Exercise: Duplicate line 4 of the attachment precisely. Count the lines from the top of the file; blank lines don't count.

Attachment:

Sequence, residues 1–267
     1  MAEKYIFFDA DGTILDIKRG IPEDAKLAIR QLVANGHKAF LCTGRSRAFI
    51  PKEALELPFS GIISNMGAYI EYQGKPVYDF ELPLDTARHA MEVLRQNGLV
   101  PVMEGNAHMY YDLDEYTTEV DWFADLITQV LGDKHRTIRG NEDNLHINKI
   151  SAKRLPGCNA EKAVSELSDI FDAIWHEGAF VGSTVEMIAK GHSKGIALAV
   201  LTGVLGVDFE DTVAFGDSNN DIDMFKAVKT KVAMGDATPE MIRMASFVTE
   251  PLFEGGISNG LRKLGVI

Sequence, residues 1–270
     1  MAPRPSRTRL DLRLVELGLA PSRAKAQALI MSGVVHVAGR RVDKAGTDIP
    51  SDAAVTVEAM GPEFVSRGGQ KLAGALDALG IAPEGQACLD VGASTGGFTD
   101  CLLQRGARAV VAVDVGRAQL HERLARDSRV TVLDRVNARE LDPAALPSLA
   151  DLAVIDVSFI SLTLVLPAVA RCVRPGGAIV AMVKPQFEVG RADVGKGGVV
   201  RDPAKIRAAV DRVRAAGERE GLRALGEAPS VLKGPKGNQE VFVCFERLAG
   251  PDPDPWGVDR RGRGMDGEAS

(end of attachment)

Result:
   101  PVMEGNAHMY YDLDEYTTEV DWFADLITQV LGDKHRTIRG NEDNLHINKI